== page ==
In the grand scheme of things, will the time and stress of training him to float onto the step-up be worthwhile?  Was Harley really confused or scared or were his theatrics a well-acted ploy?  Will he negotiate the step-up without a hitch (pun intended) if I fill the hay cradle?

What do you think?

*innocent face*

Speaking of Trailering: Need Some Advice or Tips?

Then stop by Karen's Dressage Blog, the story of a lifetime horsewomen switching gears from the Endurance World to the Dressage World.  As an endurance rider, Karen logged thousands of miles and hauled her horses to every event.  She regularly trailers her two beautiful horses to lessons and dressage shows, often completely on her own.  Since I do not own my own trailer and have never driven a truck pulling horses, I am extremely impressed by her expertise and resolve.  She is generously sharing her knowledge in a blog post series entitled "Trailering" where she discusses everything from safety to handy "gizmos" with lots of "how to".

Karen also regularly writes about the lovely grey Arabian, Speedy, and the tall, dark, and handsome New Zealand Thoroughbred, Sydney, as they explore the discipline of dressage in lessons, shows, and at home.


  1. Val - holy guacamole - thanks for the kind words. We sound far more accomplished than we really are.

    I love your approach to self-loading. The back off can be quite startling to horses who have never stepped down before. I feel Harley's pain. Speedy will step off Taz's Mom's trailer, but not mine. My trailer is really high so the step down is bit much for many horses. I am okay with letting him turn around inside. I have a three-horse with the last diver removed so there's plenty of room to do that.

    Sydney, on the other hand, has to step down. He does the same thing Harley did. Teeny tiny steps until he find the edge. It still bothers him, but I just back him until we get to the edge. I halt him and repeat gently but firmly, step, step, step as i push backwards on the halter and his chest. I never ask him to go faster than he wants to. he's getting better at it, although those final steps are faster than I like.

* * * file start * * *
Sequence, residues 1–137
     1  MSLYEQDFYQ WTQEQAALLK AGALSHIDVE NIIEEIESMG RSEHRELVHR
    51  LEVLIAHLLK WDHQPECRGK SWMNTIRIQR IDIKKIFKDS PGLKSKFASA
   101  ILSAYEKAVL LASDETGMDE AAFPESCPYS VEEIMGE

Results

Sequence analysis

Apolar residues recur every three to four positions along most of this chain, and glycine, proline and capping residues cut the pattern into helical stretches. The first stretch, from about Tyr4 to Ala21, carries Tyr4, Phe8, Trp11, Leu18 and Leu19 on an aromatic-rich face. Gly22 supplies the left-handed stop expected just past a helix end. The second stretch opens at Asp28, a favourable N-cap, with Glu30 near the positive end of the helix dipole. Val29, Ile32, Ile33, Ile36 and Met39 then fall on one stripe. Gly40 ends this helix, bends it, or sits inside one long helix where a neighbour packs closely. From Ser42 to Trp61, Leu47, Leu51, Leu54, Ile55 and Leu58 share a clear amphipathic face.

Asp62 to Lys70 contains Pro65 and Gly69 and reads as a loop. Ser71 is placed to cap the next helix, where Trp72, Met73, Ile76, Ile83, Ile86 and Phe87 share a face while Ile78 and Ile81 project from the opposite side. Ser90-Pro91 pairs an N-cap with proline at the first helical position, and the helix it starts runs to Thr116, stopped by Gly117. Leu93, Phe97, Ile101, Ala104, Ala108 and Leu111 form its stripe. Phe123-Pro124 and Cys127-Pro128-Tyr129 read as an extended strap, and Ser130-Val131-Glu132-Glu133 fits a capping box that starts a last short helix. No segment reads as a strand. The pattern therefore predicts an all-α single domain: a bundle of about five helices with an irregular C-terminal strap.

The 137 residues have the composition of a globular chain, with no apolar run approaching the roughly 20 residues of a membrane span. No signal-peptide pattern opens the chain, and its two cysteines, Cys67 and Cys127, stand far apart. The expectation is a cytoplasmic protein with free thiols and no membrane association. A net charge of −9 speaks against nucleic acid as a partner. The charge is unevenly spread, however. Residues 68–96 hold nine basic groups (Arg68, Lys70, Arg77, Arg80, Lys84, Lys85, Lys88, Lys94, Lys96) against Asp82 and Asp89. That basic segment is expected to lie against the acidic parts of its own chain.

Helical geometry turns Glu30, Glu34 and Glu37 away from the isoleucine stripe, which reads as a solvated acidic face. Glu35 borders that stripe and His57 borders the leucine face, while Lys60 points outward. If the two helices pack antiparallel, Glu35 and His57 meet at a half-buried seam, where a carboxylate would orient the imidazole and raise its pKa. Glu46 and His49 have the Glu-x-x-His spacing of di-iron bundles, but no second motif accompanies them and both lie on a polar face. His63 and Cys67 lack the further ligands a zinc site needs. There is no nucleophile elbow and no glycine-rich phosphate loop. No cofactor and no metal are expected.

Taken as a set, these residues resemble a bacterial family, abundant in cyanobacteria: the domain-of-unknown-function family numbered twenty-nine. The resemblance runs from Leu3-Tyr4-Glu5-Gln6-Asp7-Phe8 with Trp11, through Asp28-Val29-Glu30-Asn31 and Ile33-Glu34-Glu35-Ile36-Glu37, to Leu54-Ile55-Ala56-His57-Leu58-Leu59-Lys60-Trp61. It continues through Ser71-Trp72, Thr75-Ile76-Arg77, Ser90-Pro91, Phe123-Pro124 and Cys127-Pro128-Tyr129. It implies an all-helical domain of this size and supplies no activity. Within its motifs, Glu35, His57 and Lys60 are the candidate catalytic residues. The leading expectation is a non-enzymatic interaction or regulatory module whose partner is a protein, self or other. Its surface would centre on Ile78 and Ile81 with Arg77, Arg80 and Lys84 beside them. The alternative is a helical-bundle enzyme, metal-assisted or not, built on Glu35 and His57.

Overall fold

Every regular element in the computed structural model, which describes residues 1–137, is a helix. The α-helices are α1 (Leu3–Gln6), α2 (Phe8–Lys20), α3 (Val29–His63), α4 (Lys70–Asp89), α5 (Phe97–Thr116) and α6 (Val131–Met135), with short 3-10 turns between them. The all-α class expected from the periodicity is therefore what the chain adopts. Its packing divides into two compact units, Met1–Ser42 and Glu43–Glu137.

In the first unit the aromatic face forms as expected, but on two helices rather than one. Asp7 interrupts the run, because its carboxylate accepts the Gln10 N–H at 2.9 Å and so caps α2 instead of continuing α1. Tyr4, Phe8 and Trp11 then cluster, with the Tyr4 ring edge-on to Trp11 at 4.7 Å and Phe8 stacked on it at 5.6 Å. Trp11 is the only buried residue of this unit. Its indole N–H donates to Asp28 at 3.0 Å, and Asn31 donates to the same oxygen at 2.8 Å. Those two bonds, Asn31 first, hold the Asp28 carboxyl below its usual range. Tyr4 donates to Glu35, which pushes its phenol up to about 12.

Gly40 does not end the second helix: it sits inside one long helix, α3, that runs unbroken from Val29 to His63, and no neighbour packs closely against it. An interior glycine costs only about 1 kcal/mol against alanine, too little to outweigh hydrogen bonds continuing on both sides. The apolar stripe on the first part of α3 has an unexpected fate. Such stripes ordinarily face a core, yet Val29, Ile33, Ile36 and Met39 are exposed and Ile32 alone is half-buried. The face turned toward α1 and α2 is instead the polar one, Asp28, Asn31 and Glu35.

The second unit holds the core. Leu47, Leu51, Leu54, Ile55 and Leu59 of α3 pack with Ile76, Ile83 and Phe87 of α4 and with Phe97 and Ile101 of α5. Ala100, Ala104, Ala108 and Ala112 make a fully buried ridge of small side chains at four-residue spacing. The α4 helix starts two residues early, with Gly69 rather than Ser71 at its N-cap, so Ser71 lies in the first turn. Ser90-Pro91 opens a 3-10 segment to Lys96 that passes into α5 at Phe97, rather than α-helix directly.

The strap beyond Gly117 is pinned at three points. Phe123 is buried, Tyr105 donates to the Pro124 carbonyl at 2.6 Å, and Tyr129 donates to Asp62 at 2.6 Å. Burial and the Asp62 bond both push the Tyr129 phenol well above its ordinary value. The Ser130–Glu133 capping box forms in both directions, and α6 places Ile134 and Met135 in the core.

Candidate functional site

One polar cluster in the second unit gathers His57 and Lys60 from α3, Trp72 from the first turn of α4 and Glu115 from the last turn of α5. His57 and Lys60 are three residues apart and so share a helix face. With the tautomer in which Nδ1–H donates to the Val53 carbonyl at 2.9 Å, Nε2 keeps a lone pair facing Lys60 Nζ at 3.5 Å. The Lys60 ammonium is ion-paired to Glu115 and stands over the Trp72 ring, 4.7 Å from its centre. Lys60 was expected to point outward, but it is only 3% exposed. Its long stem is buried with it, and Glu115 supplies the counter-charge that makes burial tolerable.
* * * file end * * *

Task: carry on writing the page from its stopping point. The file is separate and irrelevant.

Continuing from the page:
One trick you can try is to get harley to put three feet on the trailer and stop him before he gets the last leg up. Or, get two on, back off, get two on, back off. This shows them that the step is manageable and that they won't fall off.

    I would say that teaching him to step on and off a step up is a worthwhile project. You just never know how your circumstances, or his, may change. A well-trained pony is an asset to everyone.

  2. We've had both a ramp and a step up trailer. We much prefer the step up -- no worrying about a horse going sideways off the thing. When I load, and especially unload, Jackson I always give verbal cues for his feet "step up" or "step down" which seems to help his confidence. Do you self load in a slant or a straight trailer? We have a slant and I think Jackson would load okay -- and then turn around and walk back out...

  3. I don't know much about trailering but here's my two cents: If you use a ramp load, and the step up is for training purposes only, then I wouldn't be too concerned over his reluctance. As far as the hay bribe, there may be a time when you need to load him and don't have hay to offer or just can't feed him. I take my horses to the vet and sometimes they get a sedative for a procedure. They'll still be druggy when I'm ready to take them home again. The vet says NO FOOD for a while yet, until the sedative wears off. Of course, I've had to wait for some of the sedative to wear off enough so that the horse can walk properly but I don't want to stand around waiting an additional 20 minutes more until they can eat. Besides, what if they ate all the hay on the way over and I forgot to bring more? He really should be willing to load with an empty trailer and then get rewarded with hay once inside. Just my thoughts...

  4. Karen- Thanks for the three feet on stop suggestion. Although, we were stuck with two feet on. I hope we do not get stuck at three! ;)

    Annette- Straight trailer with a ramp. Harley cannot turn around unless he squeezes himself pretty good. I like the idea of using verbal cues.

    Fantastyk Voyager- That is a very good point about the possibility of not being able to feed him for medical procedures. He will walk on with me (no hay), it is just floating that seems to be a problem. I never intended for the hay to be a bribe. The trailer that I practiced in always had hay and I just never thought about it until one day the hay was gone! I agree that he should load into an empty trailer.

  5. Fantastic Post! I am so excited to find your blog and will be back to scour it thoroughly. I am having an issue trailer loading right now and the trainer is working with my horse, Oberon. It was all my fault and I'm sure everything will be fine soon. I am a new follower. Your buckskin seems like a very special horse.

  6. Welcome Margaret!

    Thank you for the kind words. Good luck with the trailer training!